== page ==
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A P U B L I C AT I O N O F T H E M I D W E S T J E S U I T S

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Together We Carry On the Dream of St. Ignatius Dear Friends, Saint Ignatius Loyola and his friends who started the Society of Jesus had big dreams to preach the Gospel and “make disciples of all the nations” (Matthew 28:19). They wanted to “help souls” and placed themselves at the service of the Pope, who knew the most urgent needs in the world. Ignatius always emphasized availability for the Church’s universal mission. It is always eye-opening to visit Jesuit ministries around the world. In northeast India, for example, the Jesuits have established schools, parishes, and vocational training programs for the people—many of whom are Catholic—in the seven-state region that borders China, Tibet, and Myanmar in the foothills of the Himalayan Mountains. While the conditions are very basic—water is available, but electricity is sporadic—the schools are filled with children eager to learn and mature. Many of them aspire to be women and men for others as doctors, lawyers, teachers, and social workers. To assist these ministries, the Midwest Jesuits have been collaborating in special partnerships we call “twinning”—agreements to share resources and host Jesuits from each other’s regions for studies and assignments. In this issue of Partners, we invite you to learn more about our twinning relationships with the northeast area of India, as well as with the Eastern Africa and Peru Provinces. Chris Staab, a Midwest Jesuit who

Father Tom Lawler, SJ, provincial of the

was missioned to teach at one of the Fe y Alegria schools in Peru, offers valuable insight on his immersion in a new culture and its impact on his Jesuit formation. Michael Ochieng, a Jesuit from the Eastern Africa Province, shares his perspective of coming to the United States last year to shadow the Midwest Jesuit Advancement Offices in both Milwaukee and Chicago and returning home to continue to oversee the Eastern Africa Advancement office. These Jesuits have been deeply enriched by their international experiences. Thank you for your support of the Jesuits in our mission. Together, we carry on the dream of St. Ignatius to reach the ends of the earth.

Wisconsin Province, visits a parish school in the state of Arunachal Pradesh on the border of Tibet. Sister Caroline Angami encourages her students to follow their dreams.

Sincerely yours in Christ,

Timothy P. Kesicki, SJ Provincial, Chicago-Detroit Province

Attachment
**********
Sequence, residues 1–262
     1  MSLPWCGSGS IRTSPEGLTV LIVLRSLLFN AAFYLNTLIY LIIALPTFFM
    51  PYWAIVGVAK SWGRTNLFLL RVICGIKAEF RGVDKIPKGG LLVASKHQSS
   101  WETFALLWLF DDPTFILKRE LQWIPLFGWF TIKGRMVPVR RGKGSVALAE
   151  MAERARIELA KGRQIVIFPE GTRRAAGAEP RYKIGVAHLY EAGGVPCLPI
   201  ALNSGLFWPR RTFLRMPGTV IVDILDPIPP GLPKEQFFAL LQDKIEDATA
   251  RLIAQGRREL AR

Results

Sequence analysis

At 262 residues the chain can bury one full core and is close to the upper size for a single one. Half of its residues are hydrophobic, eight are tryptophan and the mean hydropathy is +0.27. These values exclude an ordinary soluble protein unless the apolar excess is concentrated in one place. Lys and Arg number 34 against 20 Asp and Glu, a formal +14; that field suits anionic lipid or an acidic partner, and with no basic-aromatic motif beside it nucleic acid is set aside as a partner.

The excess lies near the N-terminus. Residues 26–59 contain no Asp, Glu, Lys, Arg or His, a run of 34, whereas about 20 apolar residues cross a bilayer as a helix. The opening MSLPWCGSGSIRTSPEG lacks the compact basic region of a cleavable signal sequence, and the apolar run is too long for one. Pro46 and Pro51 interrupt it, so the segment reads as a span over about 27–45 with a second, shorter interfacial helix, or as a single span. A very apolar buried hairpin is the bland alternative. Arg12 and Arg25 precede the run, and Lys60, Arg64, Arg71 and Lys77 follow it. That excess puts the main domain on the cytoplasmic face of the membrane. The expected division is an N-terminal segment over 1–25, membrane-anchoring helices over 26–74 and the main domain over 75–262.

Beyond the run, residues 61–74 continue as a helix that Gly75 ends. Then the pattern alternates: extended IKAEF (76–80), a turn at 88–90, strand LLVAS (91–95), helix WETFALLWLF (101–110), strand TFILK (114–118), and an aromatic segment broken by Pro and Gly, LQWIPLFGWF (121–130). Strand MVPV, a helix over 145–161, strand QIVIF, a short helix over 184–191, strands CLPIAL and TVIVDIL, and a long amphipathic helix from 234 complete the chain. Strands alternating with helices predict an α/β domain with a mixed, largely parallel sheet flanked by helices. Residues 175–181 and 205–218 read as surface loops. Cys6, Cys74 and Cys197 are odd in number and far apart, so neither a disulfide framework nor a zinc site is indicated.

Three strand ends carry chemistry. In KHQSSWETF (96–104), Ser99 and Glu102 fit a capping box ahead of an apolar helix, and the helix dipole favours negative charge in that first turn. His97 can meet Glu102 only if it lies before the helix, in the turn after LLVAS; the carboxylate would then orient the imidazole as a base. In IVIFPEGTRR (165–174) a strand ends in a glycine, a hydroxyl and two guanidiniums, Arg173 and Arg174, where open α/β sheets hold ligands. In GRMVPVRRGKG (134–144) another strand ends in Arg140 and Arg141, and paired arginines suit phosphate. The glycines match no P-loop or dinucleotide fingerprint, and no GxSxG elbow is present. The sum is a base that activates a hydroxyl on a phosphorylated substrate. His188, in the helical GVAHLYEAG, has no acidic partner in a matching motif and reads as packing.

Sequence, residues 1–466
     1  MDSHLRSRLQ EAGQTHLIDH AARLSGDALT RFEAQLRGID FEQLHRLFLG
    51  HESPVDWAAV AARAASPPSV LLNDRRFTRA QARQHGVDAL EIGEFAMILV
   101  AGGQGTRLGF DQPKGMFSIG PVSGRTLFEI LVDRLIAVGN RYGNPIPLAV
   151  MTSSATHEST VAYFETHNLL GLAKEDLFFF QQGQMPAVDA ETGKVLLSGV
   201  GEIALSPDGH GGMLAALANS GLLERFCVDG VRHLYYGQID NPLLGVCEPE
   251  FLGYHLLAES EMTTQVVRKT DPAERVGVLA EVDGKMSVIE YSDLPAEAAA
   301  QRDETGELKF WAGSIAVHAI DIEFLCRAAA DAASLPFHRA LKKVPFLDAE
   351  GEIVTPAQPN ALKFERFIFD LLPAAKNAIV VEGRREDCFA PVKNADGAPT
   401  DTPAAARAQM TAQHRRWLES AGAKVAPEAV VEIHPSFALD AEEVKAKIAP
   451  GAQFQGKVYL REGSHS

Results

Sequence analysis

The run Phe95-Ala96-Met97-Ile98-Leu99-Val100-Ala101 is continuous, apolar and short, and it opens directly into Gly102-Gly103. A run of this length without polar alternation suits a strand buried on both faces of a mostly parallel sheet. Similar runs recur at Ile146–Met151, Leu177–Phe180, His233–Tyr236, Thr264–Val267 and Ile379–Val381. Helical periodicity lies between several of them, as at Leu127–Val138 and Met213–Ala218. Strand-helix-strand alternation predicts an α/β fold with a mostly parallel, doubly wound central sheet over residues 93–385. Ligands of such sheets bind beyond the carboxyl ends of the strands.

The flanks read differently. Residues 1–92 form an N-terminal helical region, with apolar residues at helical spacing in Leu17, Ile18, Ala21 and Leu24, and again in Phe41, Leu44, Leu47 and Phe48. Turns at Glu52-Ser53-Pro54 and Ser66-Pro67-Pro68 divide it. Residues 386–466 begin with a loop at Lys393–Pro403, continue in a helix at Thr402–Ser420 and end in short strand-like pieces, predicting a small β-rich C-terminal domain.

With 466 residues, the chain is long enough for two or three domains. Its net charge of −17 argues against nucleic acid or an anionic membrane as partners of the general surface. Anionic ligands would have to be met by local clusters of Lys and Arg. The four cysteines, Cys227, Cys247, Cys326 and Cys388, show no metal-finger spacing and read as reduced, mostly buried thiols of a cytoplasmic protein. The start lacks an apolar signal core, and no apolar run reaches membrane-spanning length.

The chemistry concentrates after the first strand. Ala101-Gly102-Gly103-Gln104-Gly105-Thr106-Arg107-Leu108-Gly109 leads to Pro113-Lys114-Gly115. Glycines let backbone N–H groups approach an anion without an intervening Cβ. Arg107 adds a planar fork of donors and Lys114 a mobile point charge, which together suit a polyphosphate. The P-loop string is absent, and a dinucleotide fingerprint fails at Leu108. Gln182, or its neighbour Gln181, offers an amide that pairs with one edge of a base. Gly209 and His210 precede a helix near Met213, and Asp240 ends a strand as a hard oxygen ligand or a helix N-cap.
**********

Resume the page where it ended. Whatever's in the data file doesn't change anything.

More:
Thomas A. Lawler, SJ Provincial, Wisconsin Province For more information about the Jesuits and Jesuit works, please visit our website at www.jesuitsmidwest.org.


Midwest Jesuits

NEWS

Loyola Press Publishes First Book by Pope Francis Pope Francis has captured the world’s attention with his seemingly counterintuitive approach to leadership. In The Church of Mercy, readers get a first-hand look at Pope Francis’s vision of the good news of Christian hope and mercy. Designed for a broad readership, The Church of Mercy collects for the first time the pope’s views on being a church that exists among and for the people, solidarity with the poor, and the need to demolish the idols of power and money. The book will be available in April 2014 at www.loyolapress.com. n

By the Numbers 48

refugees completed an innovative online education program offered by Jesuit Commons: Higher Education at the Margins (JCHEM) and Jesuit Refugee Services. Members of this first graduating class are inspiring other refugees to enroll.

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Celebrating Anniversaries 95th–Jesuit Spiritual Center at Milford 105th–Loyola Academy 165th–Gesu Parish, Milwaukee 200th–Restoration of the Society of Jesus 225th–Georgetown University, oldest Jesuit school in the United States Jesuit John Carroll (1735–1815), the first bishop of Baltimore and founder of Georgetown University, was ordained in 1790 during the suppression of the Jesuits, but lived to see his beloved Society restored in 1814. Portraitist Gilbert Stuart painted this image of Bishop Carroll, which hangs in the president’s office at Georgetown University.

340th–Pere Jacques Marquette wintering at what is now the intersection of Damen Avenue and the South Branch of the Chicago River in present-day Chicago n

I N M E M O R I A M — I N T E R N AT I O N A L

of Jesuits in formation worldwide are from Africa and India.

466

years since the first Jesuits arrived in Peru (1548).

80,000

trees have been planted on the 98.5-acre campus of Ocer Campion Jesuit College in Gulu, Northern Uganda. The school runs an agricultural program to teach and feed students.

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female AIDS orphans at St. Aloysius Gonzaga High School in Nairobi, Kenya, are enrolled this year thanks to a $3,600 gift from 17-year-old entrepreneur Mary Grace Henry and her “reversible” hair ribbon business, Reverse the Course. www.reversethecourse.org